For 26 hours, Mustafa hid on a ferry from Turkey to Cyprus, joining thousands of other refugees now looking to the divided Mediterranean island as their gateway to the European Union.
In two years, the number of first-time asylum applications in Cyprus has more than tripled, rising from 730 people at the beginning of 2017 to 3,015 at the beginning of 2019.
Mustafa is among those who are optimistic about their prospects on the island. “As soon as I leave the camp, I’ll find work and rebuild my life,” he told AFP.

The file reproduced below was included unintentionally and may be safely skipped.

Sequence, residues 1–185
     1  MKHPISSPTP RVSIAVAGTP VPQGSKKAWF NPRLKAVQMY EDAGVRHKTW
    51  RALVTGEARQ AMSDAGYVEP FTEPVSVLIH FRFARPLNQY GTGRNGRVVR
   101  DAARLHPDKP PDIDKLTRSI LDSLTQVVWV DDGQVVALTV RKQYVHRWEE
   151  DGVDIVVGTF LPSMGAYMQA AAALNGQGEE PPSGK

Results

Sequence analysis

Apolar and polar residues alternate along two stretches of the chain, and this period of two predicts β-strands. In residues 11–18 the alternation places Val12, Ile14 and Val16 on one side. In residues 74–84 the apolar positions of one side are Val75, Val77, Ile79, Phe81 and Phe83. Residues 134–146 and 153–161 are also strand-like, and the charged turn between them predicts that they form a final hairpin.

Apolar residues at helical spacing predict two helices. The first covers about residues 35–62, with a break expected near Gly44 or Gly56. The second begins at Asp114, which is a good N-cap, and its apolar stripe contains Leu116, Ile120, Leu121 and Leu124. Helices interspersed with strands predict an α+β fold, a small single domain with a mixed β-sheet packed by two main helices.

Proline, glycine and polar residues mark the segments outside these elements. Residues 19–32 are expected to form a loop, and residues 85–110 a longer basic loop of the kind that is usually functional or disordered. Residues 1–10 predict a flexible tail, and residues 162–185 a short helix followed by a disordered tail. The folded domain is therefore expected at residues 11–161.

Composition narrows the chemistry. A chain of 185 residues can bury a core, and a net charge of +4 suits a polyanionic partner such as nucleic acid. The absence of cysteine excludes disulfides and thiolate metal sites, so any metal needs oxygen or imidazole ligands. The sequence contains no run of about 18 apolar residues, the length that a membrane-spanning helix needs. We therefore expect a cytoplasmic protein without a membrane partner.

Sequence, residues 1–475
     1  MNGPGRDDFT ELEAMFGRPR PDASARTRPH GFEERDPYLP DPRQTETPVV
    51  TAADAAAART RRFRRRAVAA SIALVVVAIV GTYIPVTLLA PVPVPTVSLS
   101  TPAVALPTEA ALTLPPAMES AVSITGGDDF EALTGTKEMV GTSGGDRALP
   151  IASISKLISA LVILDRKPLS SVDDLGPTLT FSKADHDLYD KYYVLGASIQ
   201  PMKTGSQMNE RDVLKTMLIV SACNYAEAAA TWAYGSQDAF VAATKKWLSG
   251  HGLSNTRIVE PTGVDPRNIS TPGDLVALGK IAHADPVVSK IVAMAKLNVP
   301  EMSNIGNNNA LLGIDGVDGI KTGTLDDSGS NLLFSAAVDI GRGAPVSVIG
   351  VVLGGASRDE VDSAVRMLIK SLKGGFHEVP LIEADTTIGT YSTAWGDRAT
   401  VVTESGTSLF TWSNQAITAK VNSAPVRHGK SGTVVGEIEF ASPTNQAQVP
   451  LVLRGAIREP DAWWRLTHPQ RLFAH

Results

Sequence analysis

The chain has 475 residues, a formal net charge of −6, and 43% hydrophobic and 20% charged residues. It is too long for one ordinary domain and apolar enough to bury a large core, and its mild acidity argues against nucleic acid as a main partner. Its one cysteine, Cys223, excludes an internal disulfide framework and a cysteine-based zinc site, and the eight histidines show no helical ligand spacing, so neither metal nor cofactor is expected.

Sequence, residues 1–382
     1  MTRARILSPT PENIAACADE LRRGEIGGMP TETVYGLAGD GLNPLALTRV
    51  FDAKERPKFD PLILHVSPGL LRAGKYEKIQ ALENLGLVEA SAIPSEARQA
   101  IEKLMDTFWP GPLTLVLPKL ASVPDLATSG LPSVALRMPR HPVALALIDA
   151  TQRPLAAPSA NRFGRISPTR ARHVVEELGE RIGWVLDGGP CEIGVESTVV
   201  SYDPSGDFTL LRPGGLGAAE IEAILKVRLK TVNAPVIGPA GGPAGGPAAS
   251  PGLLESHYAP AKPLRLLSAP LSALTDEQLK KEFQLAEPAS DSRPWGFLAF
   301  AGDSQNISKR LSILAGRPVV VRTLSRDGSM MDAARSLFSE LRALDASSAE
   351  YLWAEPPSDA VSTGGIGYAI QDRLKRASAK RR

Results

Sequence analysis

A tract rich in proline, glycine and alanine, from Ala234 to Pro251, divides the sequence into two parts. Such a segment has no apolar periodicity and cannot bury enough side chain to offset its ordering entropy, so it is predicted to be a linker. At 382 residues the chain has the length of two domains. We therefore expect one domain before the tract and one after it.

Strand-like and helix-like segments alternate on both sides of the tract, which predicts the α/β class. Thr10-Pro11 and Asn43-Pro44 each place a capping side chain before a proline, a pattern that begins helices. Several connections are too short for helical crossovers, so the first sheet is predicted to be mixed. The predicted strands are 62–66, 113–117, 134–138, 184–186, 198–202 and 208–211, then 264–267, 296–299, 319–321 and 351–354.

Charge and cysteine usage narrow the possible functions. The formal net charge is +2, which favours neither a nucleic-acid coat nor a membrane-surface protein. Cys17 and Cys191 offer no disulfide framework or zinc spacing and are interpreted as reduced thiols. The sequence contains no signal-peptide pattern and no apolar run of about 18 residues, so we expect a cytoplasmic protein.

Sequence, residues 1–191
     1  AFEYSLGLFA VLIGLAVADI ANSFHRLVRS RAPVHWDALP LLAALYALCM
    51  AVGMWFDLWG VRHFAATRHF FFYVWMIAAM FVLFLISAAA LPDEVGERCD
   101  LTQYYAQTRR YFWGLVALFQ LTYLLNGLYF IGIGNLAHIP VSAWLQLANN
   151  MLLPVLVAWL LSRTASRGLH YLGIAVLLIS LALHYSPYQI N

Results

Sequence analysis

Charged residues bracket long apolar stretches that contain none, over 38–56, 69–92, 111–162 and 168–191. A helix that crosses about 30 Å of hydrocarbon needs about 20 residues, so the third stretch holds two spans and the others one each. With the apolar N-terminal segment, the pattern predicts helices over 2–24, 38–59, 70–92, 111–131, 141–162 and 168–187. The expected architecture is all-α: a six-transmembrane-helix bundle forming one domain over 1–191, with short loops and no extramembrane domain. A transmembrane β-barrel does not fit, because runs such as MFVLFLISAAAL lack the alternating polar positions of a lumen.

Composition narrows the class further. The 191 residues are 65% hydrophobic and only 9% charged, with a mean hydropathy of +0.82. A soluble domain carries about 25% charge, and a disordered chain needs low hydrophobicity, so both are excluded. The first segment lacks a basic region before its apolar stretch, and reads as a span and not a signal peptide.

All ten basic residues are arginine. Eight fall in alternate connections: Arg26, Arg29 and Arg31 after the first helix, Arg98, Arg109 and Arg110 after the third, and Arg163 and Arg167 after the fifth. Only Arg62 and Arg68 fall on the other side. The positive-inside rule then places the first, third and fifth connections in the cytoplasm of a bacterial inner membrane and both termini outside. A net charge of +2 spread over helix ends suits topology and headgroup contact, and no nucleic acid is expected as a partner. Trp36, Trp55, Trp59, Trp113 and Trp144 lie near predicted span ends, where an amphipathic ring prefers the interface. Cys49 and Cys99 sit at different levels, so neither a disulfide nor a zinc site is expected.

The number of refugee and migrant arrivals to Cyprus is low compared with those in Italy or Greece.
But now the island nation has the highest rate of refugee arrivals of any EU country relative to its population, eight times higher than in France, according to the European statistics office Eurostat.
This does not include refugees or migrants living in the breakaway so-called “Turkish Republic of Northern Cyprus (TNRC)”, divided from the internationally recognized Republic of Cyprus, with a population of less than one million, since 1974.
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